But that doesn’t mean you need to accept that delays are inevitable. You should be constantly assessing what might go wrong and how you would deal with it, because the way you respond to an incident may well be the difference between a minor disruption and a major disaster.
Every second counts
The longer it takes an organisation to detect a vulnerability, the more likely it is that it will lead to a serious security incident. For example, perhaps you have an unpatched system that’s waiting to be exploited by a cyber criminal, or your anti-malware software isn’t up to scratch and is letting infected attachments pass into employees’ inboxes.
Criminals sometimes exploit vulnerabilities as soon as they discover them, causing problems that organisations must react to immediately.
However, they’re just as likely to exploit them surreptitiously, with the organisation only discovering the breach weeks or months later – often after being made aware by a third party.
It takes 175 days on average to identify a breach, giving criminals plenty of time to access sensitive information and launch further attacks.
As Ponemon Institute’s 2019 Cost of a Data Breach Study found, the damages associated with undetected security incidents can quickly add up, with the average cost of recovery being £3.17 million.
If your organisation is to reduce financial losses and stay in control of the situation, you must have an incident response plan. This allows you to mitigate the damage and reduce the delays and costs that come with disruptions.
But incident management isn’t only good business sense, as we discuss next.
The GDPR and the NIS Regulations
Incident response management is a key requirement of the GDPR (General Data Protection Regulation) and the NIS Regulations (Network and Information Systems Regulations).
Failure to implement adequate response protocols could therefore not only endanger your organisation’s long-term productivity but also lead to substantial penalties. Breaches of the NIS Regulations can attract fines of up to £17 million, and the stakes are even higher when it comes to the GDPR, with penalties reaching €20 million (about £17.8 million) or 4% of the organisation’s global annual turnover – whichever is greater.
So, what do you need to do to stay compliant? Article 32 of the GDPR states that organisations must take necessary technical and organisational measures to ensure a high level of information security.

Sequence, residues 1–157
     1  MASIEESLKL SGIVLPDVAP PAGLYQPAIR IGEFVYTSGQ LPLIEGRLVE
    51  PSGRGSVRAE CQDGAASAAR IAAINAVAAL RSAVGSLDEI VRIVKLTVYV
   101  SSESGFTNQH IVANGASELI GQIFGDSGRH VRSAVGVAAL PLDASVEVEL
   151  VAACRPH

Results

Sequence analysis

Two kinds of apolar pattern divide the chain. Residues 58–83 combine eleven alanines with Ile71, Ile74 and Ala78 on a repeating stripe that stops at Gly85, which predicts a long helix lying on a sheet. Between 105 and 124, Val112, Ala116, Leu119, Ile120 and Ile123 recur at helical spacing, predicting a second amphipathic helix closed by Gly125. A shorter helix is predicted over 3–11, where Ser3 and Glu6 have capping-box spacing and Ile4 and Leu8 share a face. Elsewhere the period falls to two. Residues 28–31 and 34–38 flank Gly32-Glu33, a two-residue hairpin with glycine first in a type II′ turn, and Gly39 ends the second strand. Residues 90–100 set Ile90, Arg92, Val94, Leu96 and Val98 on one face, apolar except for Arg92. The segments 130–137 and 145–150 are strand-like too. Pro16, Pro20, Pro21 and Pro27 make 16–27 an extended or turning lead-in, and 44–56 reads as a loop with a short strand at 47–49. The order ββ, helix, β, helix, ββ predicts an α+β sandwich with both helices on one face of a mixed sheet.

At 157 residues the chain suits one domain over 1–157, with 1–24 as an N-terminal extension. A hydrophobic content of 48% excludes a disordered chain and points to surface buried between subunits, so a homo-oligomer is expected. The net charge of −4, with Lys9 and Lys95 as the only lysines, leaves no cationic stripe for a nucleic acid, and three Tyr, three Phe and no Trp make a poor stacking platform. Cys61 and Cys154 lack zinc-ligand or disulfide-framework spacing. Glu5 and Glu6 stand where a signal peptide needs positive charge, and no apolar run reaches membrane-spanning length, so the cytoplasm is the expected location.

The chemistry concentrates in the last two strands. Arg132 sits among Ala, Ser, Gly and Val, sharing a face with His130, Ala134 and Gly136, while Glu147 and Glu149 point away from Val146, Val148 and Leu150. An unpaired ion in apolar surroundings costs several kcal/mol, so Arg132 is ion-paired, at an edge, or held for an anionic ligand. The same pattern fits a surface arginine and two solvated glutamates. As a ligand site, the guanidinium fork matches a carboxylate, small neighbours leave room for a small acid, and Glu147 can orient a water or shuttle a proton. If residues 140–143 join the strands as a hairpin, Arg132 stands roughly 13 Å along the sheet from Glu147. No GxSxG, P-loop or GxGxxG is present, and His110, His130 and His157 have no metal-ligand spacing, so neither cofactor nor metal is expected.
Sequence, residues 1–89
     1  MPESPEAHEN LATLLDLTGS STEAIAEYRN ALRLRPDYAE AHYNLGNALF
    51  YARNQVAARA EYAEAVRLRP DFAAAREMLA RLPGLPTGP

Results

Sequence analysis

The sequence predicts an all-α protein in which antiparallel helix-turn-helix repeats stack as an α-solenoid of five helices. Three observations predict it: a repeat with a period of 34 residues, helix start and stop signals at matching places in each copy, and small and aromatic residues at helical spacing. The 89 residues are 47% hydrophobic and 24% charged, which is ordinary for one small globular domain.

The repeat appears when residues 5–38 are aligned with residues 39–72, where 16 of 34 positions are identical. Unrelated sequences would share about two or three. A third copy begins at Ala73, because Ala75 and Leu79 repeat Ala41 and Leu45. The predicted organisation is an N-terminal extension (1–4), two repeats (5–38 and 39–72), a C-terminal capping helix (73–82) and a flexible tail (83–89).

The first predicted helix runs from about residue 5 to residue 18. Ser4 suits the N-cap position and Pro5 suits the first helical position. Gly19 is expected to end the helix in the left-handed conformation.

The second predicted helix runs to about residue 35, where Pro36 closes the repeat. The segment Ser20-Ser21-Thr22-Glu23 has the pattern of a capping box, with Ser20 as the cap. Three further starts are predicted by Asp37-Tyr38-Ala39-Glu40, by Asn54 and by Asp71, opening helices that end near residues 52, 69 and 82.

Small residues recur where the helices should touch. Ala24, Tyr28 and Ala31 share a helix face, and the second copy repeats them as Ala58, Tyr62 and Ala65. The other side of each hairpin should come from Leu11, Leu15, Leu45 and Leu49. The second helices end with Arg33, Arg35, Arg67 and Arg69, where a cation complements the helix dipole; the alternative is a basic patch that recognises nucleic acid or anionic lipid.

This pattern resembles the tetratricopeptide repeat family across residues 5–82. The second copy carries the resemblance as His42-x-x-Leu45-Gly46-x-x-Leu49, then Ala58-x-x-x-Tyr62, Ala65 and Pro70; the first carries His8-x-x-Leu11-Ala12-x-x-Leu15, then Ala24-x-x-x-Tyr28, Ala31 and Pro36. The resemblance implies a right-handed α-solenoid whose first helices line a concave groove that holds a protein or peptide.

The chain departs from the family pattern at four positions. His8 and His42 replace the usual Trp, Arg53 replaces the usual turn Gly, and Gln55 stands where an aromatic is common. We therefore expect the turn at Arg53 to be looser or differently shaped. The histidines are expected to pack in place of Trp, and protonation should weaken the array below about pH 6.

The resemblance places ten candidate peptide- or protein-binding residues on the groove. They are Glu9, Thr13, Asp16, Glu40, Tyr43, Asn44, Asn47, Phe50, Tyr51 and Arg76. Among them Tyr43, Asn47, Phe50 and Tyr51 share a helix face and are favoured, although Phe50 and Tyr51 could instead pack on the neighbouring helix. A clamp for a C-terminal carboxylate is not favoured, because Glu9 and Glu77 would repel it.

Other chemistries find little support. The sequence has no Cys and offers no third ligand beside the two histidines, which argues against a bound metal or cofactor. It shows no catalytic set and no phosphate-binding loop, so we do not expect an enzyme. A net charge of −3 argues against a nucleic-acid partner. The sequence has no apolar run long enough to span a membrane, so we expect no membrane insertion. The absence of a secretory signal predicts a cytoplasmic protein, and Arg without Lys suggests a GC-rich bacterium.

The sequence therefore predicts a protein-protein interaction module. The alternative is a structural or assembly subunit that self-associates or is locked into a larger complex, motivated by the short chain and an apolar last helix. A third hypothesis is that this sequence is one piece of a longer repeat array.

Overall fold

This includes implementing an incident response plan to contain any damage in the event of a data breach and to prevent future incidents from occurring.
Doing so also helps you comply with Article 33 of the Regulation, which requires organisations to contact their supervisory authority if they suffer a breach that poses a risk to the rights and freedoms of individuals.
The notification must be made within 72 hours of becoming aware of the breach, and should include as much detail about the breach as possible.
It should also describe the measures taken, or proposed to be taken, to address the breach, including steps to mitigate possible adverse effects.
Meanwhile, the NIS Regulations require organisations to produce:
- Detection processes and procedures, which should be regularly monitored to ensure that they are up to date and effective;
- Processes and policies for reporting vulnerabilities and security incidents;
- Procedures for documenting the response to cyber security incidents; and
- Incident analyses to assess an incident’s severity and collect information for the organisation’s continual improvement process.
The incident response lifecycle
We recommend that your incident response plan draws on ISO 27001, the international standard for information security, and ISO 27035, which contains principles and guidelines for incident management.
You might also be interested in our approach to incident response, which combines those elements with processes to help you prepare for incidents and aspects of business continuity.
You can adopt this approach by following these eight steps:
1. Identify risks, vulnerabilities and threat exposure
You can’t plan for disaster if you don’t know what might be coming, so the first step is to identify risks by conducting a risk assessment.
This process will also give you an idea of how much of a threat each risk poses and whether it’s worth addressing. For example, if you decide that a risk is highly unlikely to occur or will only cause minimal damage, planning for it might be more trouble than it’s worth.
2. Review cyber security controls
Your organisation more than likely already has certain controls in place; these could be as basic as antivirus software or firewalls.
Such measures could also stretch to existing policies or procedures, e.g. maintaining a schedule for regularly updating devices and software, or even physical security, such as CCTV.